Evolving concepts on the pathophysiology of generalised absence seizures: the cortical focus theory
Nijmegen : NICI
InLuijtelaar, E.L.J.M. van; Kuznetsova, G.D.; Coenen, A.M.L. (ed.), The WAG/Rij model of absence epilepsy: the Nijmegen - Russian Federation papers, pp. 5-28
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Luijtelaar, E.L.J.M. van
SW OZ DCC SMN
SW OZ NICI BI
Luijtelaar, E.L.J.M. van; Kuznetsova, G.D.; Coenen, A.M.L. (ed.), The WAG/Rij model of absence epilepsy: the Nijmegen - Russian Federation papers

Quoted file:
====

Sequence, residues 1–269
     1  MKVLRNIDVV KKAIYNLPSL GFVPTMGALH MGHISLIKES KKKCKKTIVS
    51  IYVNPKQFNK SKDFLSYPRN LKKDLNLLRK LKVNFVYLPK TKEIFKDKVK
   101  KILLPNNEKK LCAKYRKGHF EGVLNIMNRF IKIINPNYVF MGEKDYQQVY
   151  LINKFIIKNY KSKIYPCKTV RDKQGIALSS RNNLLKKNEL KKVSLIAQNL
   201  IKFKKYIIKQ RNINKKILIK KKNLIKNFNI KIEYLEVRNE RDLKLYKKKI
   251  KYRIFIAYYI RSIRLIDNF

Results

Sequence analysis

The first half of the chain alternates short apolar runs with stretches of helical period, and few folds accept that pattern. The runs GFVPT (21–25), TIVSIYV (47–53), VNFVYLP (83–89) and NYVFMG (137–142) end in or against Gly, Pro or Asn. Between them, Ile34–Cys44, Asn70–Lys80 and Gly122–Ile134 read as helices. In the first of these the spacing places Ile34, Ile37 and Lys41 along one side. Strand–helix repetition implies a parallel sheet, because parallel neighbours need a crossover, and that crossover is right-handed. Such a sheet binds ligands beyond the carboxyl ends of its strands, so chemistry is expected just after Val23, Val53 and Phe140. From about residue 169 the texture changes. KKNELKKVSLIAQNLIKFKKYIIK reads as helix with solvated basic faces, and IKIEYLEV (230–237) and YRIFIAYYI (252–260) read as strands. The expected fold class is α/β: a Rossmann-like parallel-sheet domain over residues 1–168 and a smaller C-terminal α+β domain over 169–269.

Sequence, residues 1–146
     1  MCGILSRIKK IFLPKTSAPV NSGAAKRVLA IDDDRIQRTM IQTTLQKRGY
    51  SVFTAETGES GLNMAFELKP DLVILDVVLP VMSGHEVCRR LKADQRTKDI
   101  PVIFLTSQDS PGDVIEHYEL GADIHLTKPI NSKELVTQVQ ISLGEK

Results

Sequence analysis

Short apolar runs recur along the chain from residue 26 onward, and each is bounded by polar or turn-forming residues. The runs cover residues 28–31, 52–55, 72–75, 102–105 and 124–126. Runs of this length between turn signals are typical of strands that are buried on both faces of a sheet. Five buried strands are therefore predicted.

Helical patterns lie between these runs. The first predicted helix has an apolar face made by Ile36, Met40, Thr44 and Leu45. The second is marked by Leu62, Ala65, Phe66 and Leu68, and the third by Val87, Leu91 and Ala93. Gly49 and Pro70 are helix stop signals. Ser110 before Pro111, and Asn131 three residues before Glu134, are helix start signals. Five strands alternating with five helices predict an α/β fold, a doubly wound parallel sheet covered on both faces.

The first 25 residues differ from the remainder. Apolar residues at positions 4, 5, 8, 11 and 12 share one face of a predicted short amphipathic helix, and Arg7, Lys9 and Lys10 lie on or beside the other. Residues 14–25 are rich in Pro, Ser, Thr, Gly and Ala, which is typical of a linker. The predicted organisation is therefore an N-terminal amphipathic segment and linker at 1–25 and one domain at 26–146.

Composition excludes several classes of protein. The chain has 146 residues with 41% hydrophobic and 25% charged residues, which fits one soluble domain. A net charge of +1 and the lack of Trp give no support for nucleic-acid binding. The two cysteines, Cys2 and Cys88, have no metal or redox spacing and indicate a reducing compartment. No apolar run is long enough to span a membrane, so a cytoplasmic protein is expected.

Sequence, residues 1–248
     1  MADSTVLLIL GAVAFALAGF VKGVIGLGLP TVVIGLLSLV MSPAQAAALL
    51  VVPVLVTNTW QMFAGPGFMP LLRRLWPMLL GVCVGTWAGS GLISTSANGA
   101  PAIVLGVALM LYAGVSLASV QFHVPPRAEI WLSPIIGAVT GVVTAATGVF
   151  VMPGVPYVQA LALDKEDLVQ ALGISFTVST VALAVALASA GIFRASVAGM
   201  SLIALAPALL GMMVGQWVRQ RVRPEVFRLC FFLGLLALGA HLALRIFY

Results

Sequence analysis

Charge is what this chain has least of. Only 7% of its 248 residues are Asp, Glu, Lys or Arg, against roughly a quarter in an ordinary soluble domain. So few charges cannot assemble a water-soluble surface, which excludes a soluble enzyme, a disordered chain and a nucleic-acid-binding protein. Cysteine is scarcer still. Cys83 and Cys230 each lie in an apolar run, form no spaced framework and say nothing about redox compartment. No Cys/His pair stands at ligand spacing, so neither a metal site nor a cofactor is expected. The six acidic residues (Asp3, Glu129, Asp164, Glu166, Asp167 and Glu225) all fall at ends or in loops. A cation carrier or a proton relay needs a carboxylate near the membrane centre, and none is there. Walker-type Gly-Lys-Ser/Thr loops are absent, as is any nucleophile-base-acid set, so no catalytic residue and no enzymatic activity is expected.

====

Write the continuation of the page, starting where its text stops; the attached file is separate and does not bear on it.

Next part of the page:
Three major theories concerning the pathophysiology of generalised absence seizures have been proposed. Penfield and Jasper (1947) put forward the 'centrencephalic' theory, suggesting that the discharges originate from a deep-seated central subcortical pacemaker in the midline thalamus, which diffusely projects to the cortex. This concept was refined by Buzsáki (1991) who proposed that the reticular thalamic nucleus contains the pacemaker cells for the thalamic clock, which imposes its rhythm to the cortex. According to proponents of the cortical theory (Gibbs and Gibbs, 1952; Bancaud, 1969; Lüders et al., 1984; Niedermeyer, 1969), however, the cortex plays a leading role. They found evidence that generalised spike-wave discharges have a focal onset in the frontal cortex. They suggested that seizures became secondarily generalised through a rapid propagation over the cortex. The cortico-reticular theory, postulated by Gloor (1968), formed a reconciliation between the thalamic and cortical theory. Work on the 'feline penicillin generalised epilepsy' model showed that the mechanisms responsible for the spike-wave discharges were linked to the thalamocortical mechanisms that generate spindles. Gloor (1968) demonstrated that rhythmic spindle oscillations generated in the thalamus could be transformed into spike-wave discharges when the cortex was made hyperexcitable. In that case the cortex initiates abnormal hypersynchronous oscillations in the thalamocortical network. Experiments performed in genetically epileptic rats by Meeren et al. (2002) confirmed that a functionally intact thalamocortical network is required for the generation of generalised spike-wave discharges. They investigated the cortico-cortical, intrathalamic and cortico-thalamic interrelationships during spontaneous absence seizures using the advanced signal analysis method of nonlinear association analysis. The analyses revealed a consistent cortical 'focus' within the peri-oral region of the somatosensory cortex. From here, seizure activity spreads rapidly over the cortex, which gives the discharges their generalized appearance. During the first few cycles of the seizure the cortex drives the thalamus, which subsequently becomes entrained into the oscillation. Thereafter cortex and thalamus form a unified network in which both structures drive each other, thus amplifying and maintaining the rhythmic paroxysmal discharges. In this way Meeren's et al. (2002) cortical focus theory for generalised absence epilepsy forms a synthesis between the cortical and the cortico-reticular theory.
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